Moving up and Moving on: Using Stories to Deal with Transition

I’ve been a teaching assistant in local primary and secondary schools for eleven years and have loved every minute. Pupils I remember starting school for the first time all those years ago, including my own children, now tower over me in the high school corridors and leave me wondering where all those years have gone!

When my primary school contract eventually ended, I secured a job at the local high school and made the transition to secondary with the pupils I had been working with. It was lovely, if a little terrifying! I couldn’t help wondering though: if a grown woman could feel as anxious as I did on my first day, then how must a child feel?

For most of my pupils, the transition to the local high school meant that they still saw their friends, but how would a child cope with the upheaval of relocating to a new area entirely? For them, there would be no familiar surroundings or friendly faces looking back at them. Being ripped out of your comfort zone and thrown into new routines in new surroundings could knock the confidence out of anyone.

As adults, we have so much going on in our heads that we can sometimes miss signs that a child is suffering in silence. We might think a child looks a bit quiet but often dismiss this, thinking that if it was serious, the child would talk about it. Sometimes we might even be guilty of simply thinking ‘I’m too busy right now’ or ‘I wouldn’t know what to say’.

Alternatively, sometimes we actually say too much instead of carefully drawing a child’s thoughts and feelings out of them in their own words. Sometimes, a well-meaning ‘it’s not so bad’ or ‘you’ll be okay’ leaves a child feeling that nobody ever listens or truly understands.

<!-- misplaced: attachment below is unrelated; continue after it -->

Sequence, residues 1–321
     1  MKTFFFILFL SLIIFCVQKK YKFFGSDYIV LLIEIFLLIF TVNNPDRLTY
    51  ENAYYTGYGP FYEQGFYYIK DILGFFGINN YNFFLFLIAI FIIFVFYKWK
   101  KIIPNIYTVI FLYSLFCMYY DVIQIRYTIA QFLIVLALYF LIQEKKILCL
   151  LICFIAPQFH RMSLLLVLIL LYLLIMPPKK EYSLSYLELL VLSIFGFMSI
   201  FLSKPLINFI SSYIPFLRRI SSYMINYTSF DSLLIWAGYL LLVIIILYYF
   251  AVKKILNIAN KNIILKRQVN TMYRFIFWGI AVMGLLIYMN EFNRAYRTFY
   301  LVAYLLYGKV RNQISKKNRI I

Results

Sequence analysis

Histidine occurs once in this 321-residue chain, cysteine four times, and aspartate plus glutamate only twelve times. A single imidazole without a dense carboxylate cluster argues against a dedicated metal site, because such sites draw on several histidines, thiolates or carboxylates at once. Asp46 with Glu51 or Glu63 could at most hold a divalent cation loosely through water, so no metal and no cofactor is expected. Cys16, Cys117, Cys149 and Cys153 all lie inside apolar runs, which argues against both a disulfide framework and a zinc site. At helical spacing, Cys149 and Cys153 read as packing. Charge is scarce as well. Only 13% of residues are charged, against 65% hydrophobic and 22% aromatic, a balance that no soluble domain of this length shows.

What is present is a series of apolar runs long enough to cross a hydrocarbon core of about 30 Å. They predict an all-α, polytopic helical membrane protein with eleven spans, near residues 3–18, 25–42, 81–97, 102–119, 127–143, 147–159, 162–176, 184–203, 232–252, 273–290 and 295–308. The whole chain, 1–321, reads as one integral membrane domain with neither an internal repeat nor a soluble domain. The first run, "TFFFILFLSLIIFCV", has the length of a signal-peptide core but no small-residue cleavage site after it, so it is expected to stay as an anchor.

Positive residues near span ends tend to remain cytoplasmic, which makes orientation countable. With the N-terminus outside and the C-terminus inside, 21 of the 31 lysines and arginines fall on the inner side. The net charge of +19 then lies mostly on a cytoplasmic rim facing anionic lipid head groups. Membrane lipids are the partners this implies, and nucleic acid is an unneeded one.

I wrote Stories with a message to try to address various emotional issues that children often have to deal with in an engaging story format. Having seen myself the anxious faces of pupils who have just moved from primary to secondary school when they arrive in their new classroom for the first time, I thought it important to include a story about a child moving schools to help teachers start to explore the emotional implications of this with their pupils.

‘New school’ in Stories with a message for the primary school follows a character called Holly as she starts a new school after her family relocate. Her parents seem oblivious to the anxiety she feels at the prospect of her first day at her new school and Holly feels forced to deal with these unfamiliar feelings alone. As it turns out, Holly’s first day is much better than she had feared, but the story and accompanying questions encourage children to consider others’ feelings and discuss coping strategies that could help them in a similar situation.

All of the stories and questions in the Stories with a message books can be written or used as a discussion exercise to reinforce an understanding of right and wrong, cause and effect, and reward and consequence. They also give the teacher a rare opportunity to gain valuable insight into a pupil’s way of thinking.

Rachel Adams has many years’ experience as a teaching assistant and is the author of the Stories with a message books for primary and secondary schools, which deal with difficult social and emotional issues.